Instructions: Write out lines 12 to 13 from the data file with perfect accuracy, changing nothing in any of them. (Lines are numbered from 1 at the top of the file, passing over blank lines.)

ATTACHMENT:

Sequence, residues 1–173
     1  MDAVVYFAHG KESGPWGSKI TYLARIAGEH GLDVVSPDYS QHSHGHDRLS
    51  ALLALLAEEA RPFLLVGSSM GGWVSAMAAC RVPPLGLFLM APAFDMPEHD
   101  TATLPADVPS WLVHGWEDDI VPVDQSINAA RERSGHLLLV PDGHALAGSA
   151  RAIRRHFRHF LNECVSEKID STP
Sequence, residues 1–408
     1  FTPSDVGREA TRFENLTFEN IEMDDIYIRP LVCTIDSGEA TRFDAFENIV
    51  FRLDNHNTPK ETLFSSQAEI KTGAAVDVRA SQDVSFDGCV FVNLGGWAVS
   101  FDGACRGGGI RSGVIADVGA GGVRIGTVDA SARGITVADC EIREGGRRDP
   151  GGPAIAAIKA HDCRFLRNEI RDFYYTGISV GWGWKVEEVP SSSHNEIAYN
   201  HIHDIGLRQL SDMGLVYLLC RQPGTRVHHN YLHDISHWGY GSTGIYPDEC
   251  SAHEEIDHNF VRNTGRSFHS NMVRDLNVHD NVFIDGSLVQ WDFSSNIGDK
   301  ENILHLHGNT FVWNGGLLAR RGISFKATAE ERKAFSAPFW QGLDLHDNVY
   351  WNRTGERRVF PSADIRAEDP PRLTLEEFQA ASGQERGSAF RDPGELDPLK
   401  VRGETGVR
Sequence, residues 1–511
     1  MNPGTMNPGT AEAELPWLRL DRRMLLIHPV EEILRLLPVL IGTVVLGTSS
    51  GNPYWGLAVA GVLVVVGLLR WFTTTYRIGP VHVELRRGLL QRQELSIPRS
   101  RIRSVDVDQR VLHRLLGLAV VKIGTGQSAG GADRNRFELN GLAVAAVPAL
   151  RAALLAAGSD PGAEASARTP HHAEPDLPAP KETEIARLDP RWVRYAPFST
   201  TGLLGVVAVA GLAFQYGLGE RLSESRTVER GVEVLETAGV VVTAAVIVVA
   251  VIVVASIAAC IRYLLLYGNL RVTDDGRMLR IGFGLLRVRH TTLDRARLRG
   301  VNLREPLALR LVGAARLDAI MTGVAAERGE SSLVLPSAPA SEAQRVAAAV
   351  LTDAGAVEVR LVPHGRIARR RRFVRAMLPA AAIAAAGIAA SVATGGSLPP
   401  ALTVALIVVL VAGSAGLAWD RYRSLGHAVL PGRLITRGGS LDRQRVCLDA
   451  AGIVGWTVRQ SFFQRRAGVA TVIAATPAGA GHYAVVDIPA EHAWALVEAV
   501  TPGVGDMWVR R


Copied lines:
   251  SAHEEIDHNF VRNTGRSFHS NMVRDLNVHD NVFIDGSLVQ WDFSSNIGDK
   301  ENILHLHGNT FVWNGGLLAR RGISFKATAE ERKAFSAPFW QGLDLHDNVY